What is Leverage in Real Estate, and How Do I Use It?
Understanding Real Estate Leverage: Maximizing Profits and Managing Risks
Defined, “leverage” is the “borrowed capital for (an investment), expecting the profits made to be greater than the interest payable”. So, what is leverage in real estate? Essentially, leverage in real estate is the loan used to buy property and the amount of potential profit earned during ownership. The amount of leverage you have in real estate depends on several factors: how much cash you’ve invested in the property (think down payment or repair costs), the amount of the loan and interest rate, and the appreciation in property value (the more appreciation, the more your investment is worth and the more profit you will gain from selling it).
In other words, someone who invests a small amount of money in a property and has more liquid assets to invest in something else generally has more leverage than someone who invests a large amount of money and cannot invest in anything else (their entire investment would be in one place, in this case, the property they purchased). Additionally, if both people have equal amounts of liquid assets available for the purchase of real property, the person with the smaller cash investment would see a greater percentage return on that investment.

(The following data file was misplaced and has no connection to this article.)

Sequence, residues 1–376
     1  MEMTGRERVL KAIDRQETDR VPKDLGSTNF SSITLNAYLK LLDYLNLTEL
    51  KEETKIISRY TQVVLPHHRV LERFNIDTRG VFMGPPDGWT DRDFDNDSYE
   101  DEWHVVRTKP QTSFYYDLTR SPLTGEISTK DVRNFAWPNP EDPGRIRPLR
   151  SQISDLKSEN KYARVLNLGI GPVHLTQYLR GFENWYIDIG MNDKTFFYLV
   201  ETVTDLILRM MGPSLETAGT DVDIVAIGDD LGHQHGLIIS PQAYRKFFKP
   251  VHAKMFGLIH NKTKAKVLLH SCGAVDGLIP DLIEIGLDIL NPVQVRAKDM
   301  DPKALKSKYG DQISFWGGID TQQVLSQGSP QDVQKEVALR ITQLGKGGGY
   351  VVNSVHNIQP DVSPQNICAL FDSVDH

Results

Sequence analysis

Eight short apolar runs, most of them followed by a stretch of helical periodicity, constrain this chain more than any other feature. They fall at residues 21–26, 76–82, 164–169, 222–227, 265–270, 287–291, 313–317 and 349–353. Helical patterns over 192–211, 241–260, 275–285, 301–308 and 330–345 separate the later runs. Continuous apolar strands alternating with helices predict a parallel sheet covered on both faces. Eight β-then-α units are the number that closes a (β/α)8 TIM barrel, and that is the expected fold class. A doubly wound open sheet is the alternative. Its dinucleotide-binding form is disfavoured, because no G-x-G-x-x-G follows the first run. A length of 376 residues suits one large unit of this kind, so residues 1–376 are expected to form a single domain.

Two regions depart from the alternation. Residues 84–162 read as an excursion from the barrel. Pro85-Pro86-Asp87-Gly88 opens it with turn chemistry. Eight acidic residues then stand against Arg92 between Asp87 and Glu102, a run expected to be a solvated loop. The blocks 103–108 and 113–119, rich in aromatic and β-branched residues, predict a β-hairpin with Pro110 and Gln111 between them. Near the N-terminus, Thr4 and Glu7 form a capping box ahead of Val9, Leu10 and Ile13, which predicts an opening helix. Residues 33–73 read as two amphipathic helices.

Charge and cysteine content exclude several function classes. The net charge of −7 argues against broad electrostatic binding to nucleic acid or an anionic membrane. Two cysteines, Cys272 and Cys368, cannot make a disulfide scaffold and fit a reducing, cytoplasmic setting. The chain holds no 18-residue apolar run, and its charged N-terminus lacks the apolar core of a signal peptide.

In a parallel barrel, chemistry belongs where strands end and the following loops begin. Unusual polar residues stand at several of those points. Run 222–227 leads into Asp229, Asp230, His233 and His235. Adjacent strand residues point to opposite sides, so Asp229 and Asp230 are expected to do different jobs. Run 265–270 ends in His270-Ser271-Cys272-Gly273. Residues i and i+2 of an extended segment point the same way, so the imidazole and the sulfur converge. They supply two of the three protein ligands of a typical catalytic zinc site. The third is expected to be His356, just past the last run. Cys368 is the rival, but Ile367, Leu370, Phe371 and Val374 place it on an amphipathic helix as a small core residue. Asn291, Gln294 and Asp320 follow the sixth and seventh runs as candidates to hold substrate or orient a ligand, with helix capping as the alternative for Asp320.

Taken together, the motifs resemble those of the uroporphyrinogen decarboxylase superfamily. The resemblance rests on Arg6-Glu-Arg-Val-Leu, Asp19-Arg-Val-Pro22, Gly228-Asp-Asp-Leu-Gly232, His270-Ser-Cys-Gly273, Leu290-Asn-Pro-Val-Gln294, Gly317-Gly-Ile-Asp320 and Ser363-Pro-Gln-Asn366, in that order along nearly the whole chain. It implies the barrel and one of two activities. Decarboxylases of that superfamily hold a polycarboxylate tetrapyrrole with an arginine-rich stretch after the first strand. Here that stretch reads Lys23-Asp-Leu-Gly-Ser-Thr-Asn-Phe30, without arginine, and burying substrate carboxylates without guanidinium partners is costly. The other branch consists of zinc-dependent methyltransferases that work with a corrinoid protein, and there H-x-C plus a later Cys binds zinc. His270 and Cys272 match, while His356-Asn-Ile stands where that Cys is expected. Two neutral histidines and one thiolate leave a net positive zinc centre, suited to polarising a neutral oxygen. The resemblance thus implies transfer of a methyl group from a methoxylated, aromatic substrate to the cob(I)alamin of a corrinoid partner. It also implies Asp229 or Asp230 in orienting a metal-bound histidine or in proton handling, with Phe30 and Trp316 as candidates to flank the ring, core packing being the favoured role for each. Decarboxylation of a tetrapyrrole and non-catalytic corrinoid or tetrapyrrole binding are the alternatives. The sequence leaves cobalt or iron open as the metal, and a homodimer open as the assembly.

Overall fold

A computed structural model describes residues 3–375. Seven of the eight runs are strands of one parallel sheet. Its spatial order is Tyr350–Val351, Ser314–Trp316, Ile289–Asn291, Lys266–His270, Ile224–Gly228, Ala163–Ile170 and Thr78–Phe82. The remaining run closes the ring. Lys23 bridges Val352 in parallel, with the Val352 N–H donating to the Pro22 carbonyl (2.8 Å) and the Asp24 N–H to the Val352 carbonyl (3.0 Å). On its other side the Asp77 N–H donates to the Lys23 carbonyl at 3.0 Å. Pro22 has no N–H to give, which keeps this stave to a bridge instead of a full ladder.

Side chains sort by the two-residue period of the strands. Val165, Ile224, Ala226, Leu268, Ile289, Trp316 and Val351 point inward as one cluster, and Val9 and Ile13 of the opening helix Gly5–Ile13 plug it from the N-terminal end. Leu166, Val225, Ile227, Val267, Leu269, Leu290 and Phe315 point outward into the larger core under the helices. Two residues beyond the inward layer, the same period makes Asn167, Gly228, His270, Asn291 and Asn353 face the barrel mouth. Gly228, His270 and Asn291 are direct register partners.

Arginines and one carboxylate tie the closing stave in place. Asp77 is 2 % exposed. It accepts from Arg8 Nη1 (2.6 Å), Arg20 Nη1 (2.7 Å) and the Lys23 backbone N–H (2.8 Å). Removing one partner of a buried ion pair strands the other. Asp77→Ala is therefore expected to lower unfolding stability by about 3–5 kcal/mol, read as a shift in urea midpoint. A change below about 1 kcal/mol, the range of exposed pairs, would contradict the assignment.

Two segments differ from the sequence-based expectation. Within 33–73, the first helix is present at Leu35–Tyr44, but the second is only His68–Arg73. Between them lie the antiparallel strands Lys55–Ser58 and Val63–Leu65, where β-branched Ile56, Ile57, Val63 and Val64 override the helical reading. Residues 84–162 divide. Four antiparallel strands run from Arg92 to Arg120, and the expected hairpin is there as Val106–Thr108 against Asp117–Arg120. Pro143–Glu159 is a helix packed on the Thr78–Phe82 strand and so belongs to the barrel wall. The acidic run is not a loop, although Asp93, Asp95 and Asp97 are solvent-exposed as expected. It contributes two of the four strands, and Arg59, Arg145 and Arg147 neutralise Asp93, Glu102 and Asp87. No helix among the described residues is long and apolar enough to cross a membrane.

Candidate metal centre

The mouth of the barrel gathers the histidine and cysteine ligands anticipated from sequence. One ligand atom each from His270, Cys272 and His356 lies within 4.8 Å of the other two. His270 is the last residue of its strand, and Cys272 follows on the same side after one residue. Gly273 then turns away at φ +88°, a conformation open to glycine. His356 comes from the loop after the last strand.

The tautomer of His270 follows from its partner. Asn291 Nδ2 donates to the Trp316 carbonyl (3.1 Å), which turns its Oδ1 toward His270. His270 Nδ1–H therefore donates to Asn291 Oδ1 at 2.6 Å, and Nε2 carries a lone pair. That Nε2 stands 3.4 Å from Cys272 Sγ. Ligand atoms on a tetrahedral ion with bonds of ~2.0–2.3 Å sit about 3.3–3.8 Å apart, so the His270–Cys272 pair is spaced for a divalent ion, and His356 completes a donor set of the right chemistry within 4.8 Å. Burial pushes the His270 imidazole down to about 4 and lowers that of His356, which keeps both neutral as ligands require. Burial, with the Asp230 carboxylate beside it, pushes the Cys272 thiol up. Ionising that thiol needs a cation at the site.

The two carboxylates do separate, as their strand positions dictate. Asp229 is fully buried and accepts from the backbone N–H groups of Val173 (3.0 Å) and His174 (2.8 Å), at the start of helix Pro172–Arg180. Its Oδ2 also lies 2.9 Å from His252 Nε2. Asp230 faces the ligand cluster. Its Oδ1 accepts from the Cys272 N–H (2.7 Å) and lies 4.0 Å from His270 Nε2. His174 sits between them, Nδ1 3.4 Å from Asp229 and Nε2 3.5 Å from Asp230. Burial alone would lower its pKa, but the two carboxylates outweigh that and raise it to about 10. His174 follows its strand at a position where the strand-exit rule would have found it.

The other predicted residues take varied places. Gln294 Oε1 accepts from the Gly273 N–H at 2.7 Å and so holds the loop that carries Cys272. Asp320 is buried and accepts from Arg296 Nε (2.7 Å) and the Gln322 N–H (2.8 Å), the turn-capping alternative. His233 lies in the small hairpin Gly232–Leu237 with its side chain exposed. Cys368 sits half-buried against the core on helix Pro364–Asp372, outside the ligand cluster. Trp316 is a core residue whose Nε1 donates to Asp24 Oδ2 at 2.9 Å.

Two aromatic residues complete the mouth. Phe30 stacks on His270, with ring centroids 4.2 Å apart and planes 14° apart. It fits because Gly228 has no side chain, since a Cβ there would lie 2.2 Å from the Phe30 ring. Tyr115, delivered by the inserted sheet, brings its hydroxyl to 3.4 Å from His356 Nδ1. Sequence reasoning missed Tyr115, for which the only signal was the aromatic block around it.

As an example, take a piece of real estate that will sell for $100,000. Investor A could pay all cash and Investor B could put 20% down (or $20,000) and take out a loan for the remaining 80% (or $80,000). If we assume the house appreciates by 10%, investor A (the all-cash buyer) would have made a profit on their initial investment of 10% ($10,000 profit divided by $100,000 initial investment). Conversely, investor B (the buyer who used leverage) would have had a 50% gain on their original investment ($10,000 profit divided by $20,000 initial investment). Additionally, Investor A would now have $80,000 less cash to invest than Investor B because he has $80,000 more cash tied up in this property.
Leverage works great in an upmarket, as in the example above; however, it can be risky in a down market. Taking the same example above, if there were a downturn in the housing market and a 10% decline in the home value, the all-cash investor would have lost 10% of their initial investment, while the leveraged buyer would have lost 50% of their initial investment.
As such, it is wiser and more advantageous to use leverage in the real estate market over a sustained period of time (generally five or more years) because historically, real estate has been shown to increase in value over the long term. It is much riskier to use leverage over a short-term period of time because the market is much less predictable from year to year than from decade to decade.
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